Mr Alex Kakooza is the Permanent Secretary at the Ministry of Education and Sports (MoES) in Uganda. His role is to ensure that resources for education are made available to all districts across the country to guarantee access to schools and quality of learning. Mr Kakooza is acutely aware how complex this task is to deliver in one district, let alone all 135 districts across Uganda.
In 1997, Uganda introduced universal primary education, and in the years since, the number of children attending primary school has tripled. But attendance alone is not enough. While more children start at primary school today, the proportion who complete their education has decreased, from 64% in 2011 to 62% in 2016. And there is a need to improve learning. The country’s National Assessment of Progress in Education (NAPE) records a 14-percentage decrease in literacy between 2014 and 2018. For the MoES, ensuring that the large inflow of students completes quality education is a priority. It is especially critical to recover any COVID-19-related learning losses as children return to classrooms.
To re-capture gains of expanded access, the Government of Uganda has begun to make important investments in existing primary and new secondary schools. This has recently been accompanied by an ambitious reform agenda, aiming to improve education quality and the impact of the additional investments.
A central pillar of this agenda is the Uganda Intergovernmental Fiscal Transfers (UgIFT) Program, implemented by the Government of Uganda with co-financing from the World Bank. UgIFT aims to bring quality enhancements to key service delivery sectors like education, health, micro-irrigation and drinking water. But these quality enhancements are only feasible if districts have sufficient financing. Since its inception in 2017 UgIFT has generated promising results. For instance, district financing to cover school operational costs increased by 41 % in 2019/20 compared to the previous year. This has translated to a 60% increase in per pupil funding across primary schools in Uganda.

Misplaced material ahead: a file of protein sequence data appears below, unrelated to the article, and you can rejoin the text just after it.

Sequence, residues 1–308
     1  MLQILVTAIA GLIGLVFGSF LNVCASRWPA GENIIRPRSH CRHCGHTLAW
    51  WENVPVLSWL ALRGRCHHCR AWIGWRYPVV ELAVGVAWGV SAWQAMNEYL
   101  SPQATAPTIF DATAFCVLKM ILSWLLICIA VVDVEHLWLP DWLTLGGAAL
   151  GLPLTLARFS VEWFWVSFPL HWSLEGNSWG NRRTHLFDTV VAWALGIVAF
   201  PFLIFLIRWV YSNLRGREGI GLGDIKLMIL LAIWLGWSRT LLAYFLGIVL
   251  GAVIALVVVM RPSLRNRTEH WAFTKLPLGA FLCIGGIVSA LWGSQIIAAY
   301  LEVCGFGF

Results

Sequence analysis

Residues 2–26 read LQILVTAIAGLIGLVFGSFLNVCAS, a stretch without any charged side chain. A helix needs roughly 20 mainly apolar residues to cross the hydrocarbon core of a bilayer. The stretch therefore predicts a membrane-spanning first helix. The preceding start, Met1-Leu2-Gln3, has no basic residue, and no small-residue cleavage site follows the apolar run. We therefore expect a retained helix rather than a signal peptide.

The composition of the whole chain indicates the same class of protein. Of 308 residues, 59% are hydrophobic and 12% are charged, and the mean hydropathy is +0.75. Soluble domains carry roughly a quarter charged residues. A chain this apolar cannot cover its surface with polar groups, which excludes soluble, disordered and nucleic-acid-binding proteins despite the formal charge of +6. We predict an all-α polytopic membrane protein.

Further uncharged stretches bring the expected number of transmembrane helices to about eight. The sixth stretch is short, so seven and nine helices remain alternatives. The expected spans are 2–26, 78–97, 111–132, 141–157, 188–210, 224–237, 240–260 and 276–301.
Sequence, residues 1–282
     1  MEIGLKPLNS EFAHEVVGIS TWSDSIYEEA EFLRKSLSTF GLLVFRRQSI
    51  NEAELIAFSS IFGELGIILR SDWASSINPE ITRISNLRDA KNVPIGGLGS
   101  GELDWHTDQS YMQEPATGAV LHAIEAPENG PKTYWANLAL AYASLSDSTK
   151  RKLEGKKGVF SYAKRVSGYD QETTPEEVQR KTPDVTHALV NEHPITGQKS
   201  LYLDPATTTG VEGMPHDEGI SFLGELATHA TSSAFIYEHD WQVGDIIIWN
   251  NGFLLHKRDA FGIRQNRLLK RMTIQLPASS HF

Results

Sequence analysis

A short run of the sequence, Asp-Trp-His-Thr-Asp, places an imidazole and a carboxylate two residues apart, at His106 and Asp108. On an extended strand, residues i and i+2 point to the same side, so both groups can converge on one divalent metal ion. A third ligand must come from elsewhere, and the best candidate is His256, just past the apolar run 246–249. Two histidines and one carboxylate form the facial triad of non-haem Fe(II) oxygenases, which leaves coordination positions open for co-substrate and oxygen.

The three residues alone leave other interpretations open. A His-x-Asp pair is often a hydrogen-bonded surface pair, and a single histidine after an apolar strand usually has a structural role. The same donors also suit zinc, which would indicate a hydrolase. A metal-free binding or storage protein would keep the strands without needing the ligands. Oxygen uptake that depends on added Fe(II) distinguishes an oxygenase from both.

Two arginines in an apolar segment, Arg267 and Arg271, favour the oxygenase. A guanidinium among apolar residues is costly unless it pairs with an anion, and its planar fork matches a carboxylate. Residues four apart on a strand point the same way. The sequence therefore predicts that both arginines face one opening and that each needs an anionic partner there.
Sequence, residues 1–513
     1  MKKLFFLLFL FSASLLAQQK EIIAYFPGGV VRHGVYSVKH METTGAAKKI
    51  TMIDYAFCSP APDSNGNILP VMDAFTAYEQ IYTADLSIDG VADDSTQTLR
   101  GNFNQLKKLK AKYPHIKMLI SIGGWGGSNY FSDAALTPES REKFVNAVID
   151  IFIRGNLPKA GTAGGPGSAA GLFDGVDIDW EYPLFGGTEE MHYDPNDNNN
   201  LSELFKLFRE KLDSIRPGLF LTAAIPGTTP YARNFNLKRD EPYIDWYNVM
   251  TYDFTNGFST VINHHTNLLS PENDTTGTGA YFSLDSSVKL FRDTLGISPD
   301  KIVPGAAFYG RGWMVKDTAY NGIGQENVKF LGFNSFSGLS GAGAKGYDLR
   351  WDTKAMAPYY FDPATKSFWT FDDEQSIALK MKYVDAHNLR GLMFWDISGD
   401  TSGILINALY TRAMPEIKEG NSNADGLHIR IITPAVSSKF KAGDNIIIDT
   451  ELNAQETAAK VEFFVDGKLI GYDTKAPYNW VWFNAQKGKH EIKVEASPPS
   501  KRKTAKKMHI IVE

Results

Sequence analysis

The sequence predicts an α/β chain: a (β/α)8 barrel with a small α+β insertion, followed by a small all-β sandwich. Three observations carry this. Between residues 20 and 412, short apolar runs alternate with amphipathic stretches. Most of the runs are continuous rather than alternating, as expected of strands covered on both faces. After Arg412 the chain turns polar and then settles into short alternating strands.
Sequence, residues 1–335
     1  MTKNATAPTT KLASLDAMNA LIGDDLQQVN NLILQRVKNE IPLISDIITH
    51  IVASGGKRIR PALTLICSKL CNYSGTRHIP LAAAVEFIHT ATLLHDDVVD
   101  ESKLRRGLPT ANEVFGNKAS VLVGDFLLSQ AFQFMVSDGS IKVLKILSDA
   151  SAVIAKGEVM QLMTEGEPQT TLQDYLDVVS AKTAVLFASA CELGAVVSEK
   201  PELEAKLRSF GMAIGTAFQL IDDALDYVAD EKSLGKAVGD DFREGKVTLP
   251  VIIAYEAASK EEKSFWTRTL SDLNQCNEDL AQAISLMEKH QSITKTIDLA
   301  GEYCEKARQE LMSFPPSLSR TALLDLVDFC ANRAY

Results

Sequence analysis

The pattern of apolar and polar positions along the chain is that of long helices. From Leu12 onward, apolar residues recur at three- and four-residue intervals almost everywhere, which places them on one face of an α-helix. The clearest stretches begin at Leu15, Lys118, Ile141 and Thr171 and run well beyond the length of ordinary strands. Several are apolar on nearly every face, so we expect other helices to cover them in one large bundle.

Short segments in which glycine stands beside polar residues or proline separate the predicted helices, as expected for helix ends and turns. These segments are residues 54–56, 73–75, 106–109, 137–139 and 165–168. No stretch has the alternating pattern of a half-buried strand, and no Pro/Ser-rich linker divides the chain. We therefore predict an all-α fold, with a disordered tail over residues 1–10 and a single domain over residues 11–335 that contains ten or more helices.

To address equity issues, the MoES ensures that underserved districts have the necessary financing to improve their performance, and that this financing is more equitably distributed. To supplement funding provided on a per-pupil basis, a targeted set of factors determines a district's access to additional financing. This includes historically poor performance in learning outcomes. Geographical factors matter too, because they increase the costs of delivering services to students. Thus, remote regions, such as islands or mountainous districts, receive extra help. Districts which share their services with vast refugee populations are also given financial support, as will districts whose schools are under-staffed.
But if performing poorly can bring extra financing to districts, why bother performing well?
To incentivise improvements, the MoES is providing more financing to districts that do better on key performance metrics. These metrics are measured through annual district level performance assessments that evaluate and reward, for example, better teacher allocation within districts, reduced student and teacher absenteeism, and better-quality school infrastructure.
Under UgIFT, districts that do perform better will receive extra financing for school expansion and classroom upgrades. By the end of UgIFT, the government will finance the construction of over 250 new secondary schools, upgrade approximately 1,000 classrooms, and build 284 laboratories to balance the Government's priority of expanding access, while investing in quality. Thus far, 117 newly constructed secondary schools are expected to be operational in the next school year.
The UgIFT design thus envisions a system under which it pays off more for districts to do well. At the same time, it does not leave underperforming districts behind.
More funding alone may not translate into better school performance. Non-fiscal interventions such as implementing stricter school level assessments, disclosing school rankings, and introducing improved teacher and pupil attendance monitoring through tablet-based biometric check-ins are part of the reform package under UgIFT. Lowest performing districts will also receive non-financial performance improvement support from the MoES through additional capacity building measures.
The impact of these reforms can be transformative. It will enable the Government of Uganda to provide better, more targeted and, crucially, fairer support to all districts across the country. The expectation is that such support will lead to equity gains and translate to better learning outcomes of students. It will also empower districts in Uganda so that in the future the entire education system, from the central to the school level will be fully performance based, where strong performers are rewarded but without leaving the weaker ones behind.